Through the first nine months of 2010, the auto industry is on pace to increase sales by 10 percent versus 2009, and pickup trucks are leading the charge. Bloomberg reports that bedded haulers are up 14 percent on the year, led by increased demand from the farming industry. Farmers have seen their revenues increase by $9 billion over last year, with both prices and demand rising in part because of droughts in Russia and Canada. Farmers are using their new-found dollars to invest in their businesses, and trucks are among the biggest and best tools in the
Automakers are beneficiaries of this investment, as truck sales climb and profits soar. Analyst Joe Barker of IHS Automotive claims that automakers can make up to $15,000 on each pickup sold, a figure that holds firmest when incentives are down. And with sales up, incentives have dipped. Edmunds shows that trucks have an average MSRP of $34,235, or about $2,000 higher than in 2009. Supply and demand really does work.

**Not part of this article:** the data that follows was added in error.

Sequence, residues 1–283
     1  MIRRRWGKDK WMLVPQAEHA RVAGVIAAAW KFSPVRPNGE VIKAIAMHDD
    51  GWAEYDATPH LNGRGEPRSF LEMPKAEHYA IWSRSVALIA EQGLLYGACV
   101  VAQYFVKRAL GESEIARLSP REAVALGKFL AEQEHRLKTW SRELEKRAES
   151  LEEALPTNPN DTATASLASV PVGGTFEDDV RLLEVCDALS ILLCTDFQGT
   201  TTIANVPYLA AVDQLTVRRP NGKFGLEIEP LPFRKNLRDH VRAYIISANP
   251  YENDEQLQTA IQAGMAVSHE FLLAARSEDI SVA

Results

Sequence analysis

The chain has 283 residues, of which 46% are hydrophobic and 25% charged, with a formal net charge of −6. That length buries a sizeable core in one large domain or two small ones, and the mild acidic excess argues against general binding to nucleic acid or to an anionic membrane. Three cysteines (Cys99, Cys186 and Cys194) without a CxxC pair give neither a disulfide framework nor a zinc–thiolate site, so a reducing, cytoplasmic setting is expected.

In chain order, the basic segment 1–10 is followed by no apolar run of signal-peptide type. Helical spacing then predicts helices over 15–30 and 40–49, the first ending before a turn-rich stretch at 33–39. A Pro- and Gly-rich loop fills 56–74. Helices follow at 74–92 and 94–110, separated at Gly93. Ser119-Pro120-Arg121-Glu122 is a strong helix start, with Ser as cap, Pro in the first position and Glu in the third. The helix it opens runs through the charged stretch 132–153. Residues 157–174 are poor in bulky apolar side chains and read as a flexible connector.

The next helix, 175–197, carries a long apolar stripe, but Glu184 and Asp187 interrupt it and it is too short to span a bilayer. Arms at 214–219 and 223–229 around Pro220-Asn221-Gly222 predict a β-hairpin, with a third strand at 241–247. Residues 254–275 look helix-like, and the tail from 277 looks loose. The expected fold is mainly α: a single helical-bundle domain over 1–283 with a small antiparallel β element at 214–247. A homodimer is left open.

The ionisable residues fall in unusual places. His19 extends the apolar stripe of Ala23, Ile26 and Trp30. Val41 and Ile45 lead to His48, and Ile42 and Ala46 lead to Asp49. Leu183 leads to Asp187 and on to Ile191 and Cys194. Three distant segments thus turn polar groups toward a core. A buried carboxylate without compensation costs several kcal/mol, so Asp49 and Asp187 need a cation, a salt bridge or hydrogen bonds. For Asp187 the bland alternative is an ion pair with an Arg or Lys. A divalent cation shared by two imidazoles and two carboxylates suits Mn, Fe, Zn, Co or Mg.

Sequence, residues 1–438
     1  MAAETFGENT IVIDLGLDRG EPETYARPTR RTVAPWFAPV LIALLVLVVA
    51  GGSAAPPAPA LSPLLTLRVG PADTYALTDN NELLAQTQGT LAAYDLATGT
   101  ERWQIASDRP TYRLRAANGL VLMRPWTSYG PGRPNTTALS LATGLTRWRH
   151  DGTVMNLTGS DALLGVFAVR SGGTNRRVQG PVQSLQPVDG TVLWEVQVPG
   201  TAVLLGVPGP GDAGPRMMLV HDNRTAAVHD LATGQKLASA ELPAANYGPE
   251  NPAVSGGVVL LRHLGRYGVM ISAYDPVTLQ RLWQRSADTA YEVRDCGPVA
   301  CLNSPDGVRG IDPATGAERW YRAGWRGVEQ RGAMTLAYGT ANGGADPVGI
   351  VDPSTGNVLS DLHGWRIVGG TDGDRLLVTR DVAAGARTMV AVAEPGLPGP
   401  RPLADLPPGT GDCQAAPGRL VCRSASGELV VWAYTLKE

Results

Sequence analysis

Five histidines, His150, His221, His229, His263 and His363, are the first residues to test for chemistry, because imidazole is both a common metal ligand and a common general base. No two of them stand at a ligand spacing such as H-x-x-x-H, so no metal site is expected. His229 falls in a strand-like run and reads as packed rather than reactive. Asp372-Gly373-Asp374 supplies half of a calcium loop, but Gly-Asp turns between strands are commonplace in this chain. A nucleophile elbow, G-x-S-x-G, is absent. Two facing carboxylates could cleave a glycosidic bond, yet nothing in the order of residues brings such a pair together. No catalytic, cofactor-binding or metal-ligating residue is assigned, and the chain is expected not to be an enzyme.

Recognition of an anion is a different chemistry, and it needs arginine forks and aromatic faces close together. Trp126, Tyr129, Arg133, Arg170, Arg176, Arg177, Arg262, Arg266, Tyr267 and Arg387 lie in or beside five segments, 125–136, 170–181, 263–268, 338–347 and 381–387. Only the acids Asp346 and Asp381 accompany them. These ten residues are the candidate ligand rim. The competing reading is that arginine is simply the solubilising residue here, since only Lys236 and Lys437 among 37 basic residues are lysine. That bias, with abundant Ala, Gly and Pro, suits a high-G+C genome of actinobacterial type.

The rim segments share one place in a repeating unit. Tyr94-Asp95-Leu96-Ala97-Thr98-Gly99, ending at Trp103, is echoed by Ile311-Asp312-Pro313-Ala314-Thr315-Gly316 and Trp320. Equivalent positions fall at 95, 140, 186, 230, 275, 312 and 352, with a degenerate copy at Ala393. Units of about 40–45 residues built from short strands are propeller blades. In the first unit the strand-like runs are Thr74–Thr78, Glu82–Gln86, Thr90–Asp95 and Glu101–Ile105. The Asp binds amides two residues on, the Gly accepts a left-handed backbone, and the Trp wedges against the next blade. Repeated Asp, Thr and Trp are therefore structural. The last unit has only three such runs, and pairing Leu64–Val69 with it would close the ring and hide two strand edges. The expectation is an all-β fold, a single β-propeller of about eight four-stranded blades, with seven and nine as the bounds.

The biggest recipient of the increased demand for pickups has so far been Ford, which has seen its F-Series pickups jump by 31 percent. Chevy Silverado sales are up 17 percent as well. Even the Toyota Tundra, which has struggled in the U.S. market, is up 21 percent. The Ram appears to be the only truck suffering through the pickup truck boom, with sales down one percent year-over-year.